Though more students are getting the aid they require – OSU has seen an increase in Pell Grant recipients enrolled and OU has more students receiving subsidized loans – the financial relief may be short-lived: Governor John Kasich’s state budget proposal has public universities in Ohio could increasing tuition by up to 3.5 percent. Current undergraduate and graduate students, do you need more financial aid now than you did when you first enrolled? High schoolers and incoming freshman, how do you plan to pay for school?


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Your Scholarship of the Week Challenge? Earn $15,000 for College!

HISTORY® and Houghton Mifflin Harcourt Announce National Civil War Student Challenge

March 28, 2011

Your Scholarship of the Week Challenge? Earn $15,000 for College!

by Alexis Mattera

Want to put a serious dent in your tuition? You’ll need three things: a working knowledge of the Civil War, a Scholarships.com account and the link directing you to the National Civil War Student Challenge.

The National Civil War Student Challenge is an academic competition presented by HISTORY® and Houghton Mifflin Harcourt that gives students a chance to showcase their knowledge of one of the most pivotal events in American history and qualify to win up to $15,000 in college scholarships. Although all U.S. high school students who are in grades 9 through 12 and are between the ages of 13 and 19 are eligible to participate, content is geared toward the 11th grade curriculum. The top-30 scoring students will be invited to take a 90-minute, proctored in-school Final Exam to determine the top 10 scholarship winners.

Registration is now open on the official website so sign up and start studying. And remember, there are plenty more scholarship opportunities in the Scholarships.com database...check out our free college scholarship search today!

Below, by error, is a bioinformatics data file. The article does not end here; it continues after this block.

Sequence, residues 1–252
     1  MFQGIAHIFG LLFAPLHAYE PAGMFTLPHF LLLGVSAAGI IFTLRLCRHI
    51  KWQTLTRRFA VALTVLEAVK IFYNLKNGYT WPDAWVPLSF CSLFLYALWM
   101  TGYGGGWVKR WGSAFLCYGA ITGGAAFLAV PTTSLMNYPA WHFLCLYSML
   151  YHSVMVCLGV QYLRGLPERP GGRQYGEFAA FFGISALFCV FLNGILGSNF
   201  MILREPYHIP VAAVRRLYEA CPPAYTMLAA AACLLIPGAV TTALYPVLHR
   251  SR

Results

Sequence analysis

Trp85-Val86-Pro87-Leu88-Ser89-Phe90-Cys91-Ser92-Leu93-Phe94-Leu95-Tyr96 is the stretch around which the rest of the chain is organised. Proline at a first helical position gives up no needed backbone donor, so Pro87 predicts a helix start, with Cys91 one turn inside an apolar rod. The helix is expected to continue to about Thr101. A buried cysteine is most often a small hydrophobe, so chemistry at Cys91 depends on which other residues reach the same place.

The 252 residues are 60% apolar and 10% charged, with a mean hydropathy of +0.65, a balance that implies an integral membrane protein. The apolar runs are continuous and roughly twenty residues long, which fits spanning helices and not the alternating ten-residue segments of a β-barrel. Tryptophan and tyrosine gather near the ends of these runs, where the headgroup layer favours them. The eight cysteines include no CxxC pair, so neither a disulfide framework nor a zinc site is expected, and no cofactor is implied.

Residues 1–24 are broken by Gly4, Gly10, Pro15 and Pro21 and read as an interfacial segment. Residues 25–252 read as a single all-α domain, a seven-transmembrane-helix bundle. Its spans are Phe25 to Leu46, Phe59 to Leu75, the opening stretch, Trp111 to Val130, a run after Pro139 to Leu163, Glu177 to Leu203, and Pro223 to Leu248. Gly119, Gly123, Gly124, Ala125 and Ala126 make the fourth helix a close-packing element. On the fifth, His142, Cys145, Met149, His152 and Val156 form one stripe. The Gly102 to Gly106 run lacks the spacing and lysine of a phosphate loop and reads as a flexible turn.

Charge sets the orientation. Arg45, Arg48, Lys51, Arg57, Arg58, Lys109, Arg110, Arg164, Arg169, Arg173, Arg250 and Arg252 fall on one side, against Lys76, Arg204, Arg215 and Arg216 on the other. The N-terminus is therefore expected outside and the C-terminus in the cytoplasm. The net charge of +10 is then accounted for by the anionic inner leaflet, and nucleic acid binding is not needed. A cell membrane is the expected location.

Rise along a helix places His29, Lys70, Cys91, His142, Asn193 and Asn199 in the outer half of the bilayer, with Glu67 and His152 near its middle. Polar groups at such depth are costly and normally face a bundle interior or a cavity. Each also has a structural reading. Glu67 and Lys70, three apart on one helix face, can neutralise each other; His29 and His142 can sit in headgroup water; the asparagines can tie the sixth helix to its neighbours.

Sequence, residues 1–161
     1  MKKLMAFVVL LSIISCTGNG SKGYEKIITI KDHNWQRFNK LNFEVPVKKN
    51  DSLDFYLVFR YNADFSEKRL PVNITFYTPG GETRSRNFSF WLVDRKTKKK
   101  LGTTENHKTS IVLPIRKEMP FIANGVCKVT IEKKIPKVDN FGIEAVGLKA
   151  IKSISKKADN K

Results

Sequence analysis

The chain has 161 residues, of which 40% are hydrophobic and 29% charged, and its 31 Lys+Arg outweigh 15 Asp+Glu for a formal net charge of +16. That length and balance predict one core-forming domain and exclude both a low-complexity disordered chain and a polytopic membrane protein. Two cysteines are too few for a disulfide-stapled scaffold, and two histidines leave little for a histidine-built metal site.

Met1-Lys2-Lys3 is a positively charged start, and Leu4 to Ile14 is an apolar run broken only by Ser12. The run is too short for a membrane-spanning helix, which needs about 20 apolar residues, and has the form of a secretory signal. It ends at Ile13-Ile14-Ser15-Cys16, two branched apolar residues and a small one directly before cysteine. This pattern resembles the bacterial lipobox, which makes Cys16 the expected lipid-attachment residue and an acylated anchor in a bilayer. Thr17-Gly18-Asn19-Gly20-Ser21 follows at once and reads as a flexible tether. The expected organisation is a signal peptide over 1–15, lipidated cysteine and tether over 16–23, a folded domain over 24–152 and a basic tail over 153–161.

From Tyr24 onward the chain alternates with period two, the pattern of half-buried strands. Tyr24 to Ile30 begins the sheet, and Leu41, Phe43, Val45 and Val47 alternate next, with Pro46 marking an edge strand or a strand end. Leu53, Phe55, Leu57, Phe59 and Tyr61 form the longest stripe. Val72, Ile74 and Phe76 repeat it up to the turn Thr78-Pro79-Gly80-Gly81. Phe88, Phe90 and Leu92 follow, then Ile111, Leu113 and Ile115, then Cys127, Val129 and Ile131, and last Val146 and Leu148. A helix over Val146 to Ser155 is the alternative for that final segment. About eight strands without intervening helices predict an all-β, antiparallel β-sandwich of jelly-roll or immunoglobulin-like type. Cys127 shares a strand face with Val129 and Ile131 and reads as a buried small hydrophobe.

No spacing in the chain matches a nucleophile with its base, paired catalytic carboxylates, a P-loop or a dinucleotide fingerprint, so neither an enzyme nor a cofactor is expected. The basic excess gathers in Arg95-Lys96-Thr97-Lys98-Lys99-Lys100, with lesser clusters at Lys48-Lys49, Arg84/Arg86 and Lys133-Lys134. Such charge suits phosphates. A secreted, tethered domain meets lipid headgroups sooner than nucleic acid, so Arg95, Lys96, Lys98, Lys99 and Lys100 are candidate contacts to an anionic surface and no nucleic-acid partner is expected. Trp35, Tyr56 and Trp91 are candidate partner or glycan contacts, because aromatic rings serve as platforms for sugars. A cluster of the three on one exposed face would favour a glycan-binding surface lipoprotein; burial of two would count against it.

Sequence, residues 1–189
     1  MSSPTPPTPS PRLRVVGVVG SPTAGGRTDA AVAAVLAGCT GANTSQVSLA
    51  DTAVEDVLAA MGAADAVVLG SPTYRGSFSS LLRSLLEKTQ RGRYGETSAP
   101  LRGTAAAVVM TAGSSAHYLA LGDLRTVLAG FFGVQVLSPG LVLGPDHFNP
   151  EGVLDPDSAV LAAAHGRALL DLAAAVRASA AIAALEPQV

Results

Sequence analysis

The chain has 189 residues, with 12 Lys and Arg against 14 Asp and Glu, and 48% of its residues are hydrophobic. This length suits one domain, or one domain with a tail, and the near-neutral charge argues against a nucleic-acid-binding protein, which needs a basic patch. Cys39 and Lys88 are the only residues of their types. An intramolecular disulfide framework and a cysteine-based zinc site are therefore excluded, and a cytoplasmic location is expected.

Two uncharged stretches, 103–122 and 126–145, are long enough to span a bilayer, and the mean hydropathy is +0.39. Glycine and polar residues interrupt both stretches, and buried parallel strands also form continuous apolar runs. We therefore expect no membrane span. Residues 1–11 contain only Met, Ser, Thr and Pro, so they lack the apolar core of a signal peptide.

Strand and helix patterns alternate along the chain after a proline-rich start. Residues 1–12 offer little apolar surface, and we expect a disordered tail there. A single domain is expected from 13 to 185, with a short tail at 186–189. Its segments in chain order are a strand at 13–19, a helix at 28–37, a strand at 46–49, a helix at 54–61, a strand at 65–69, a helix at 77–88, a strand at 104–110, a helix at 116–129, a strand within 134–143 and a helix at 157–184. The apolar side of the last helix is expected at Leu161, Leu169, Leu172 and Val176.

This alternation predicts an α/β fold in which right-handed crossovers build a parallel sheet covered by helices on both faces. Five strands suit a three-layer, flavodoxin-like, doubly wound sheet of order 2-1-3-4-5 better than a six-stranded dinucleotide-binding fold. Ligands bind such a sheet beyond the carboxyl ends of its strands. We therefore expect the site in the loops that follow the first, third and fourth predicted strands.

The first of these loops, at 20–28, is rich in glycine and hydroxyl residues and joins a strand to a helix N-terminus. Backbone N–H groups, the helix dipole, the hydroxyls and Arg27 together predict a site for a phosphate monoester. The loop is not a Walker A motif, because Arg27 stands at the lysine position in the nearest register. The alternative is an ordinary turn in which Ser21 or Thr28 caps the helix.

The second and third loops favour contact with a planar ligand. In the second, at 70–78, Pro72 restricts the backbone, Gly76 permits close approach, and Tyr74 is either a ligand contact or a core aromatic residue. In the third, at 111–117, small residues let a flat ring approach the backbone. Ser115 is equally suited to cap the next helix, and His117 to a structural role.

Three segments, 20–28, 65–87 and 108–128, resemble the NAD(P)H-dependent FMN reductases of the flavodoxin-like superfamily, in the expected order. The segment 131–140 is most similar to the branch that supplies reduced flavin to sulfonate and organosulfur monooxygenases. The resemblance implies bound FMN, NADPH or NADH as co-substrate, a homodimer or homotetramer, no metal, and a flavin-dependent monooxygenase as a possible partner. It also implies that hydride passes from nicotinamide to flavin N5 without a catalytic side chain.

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Alaska Governor Stresses Need for State-Funded Scholarship Dollars

by Alexis Mattera

Here at Scholarships.com, our goal is to make finding money for college as easy as possible. Paying the full cost of tuition out of pocket isn’t in the cards for most college-bound students and high-interest loans aren’t the most desirable options for others, meaning some students’ quests for postsecondary degrees must be funded solely by scholarships, grants and fellowships. Can it be done? Of course it can. You just need the right people on your side.

Alaska Governor Sean Parnell recently requested the funding of the incoming Alaska Performance Scholarship program, a nurse training proposal and a handful of other educational priorities from state lawmakers. While Parnell feels students have worked hard to earn state-funded performance-based scholarship dollars and would be "out to dry" without it, senators worry the program could leave rural students behind if aid is distributed unevenly across the state...not to mention create a potential legal problem given the state constitution’s promise of fair education services. Students seeking need-based grants do have the existing AlaskAdvantage program to turn to but it is significantly underfunded. It could, however, gain support through Senate Bill 43, which calls for AlaskAdvantage to receive $7 million of the proposed $21 million in state college scholarship funding on an annual basis.

Will it happen? Our Magic 8-Ball says "cannot predict now" but we hope it goes through for the sake of the many students in need. How are you currently paying for or planning to pay for school? What programs have you found most helpful in securing the funding you need?


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Acceptance Rates Plummet for Class of 2015

Record High Applications Don't Translate to Equally Impressive Acceptance Numbers

April 1, 2011

Acceptance Rates Plummet for Class of 2015

by Alexis Mattera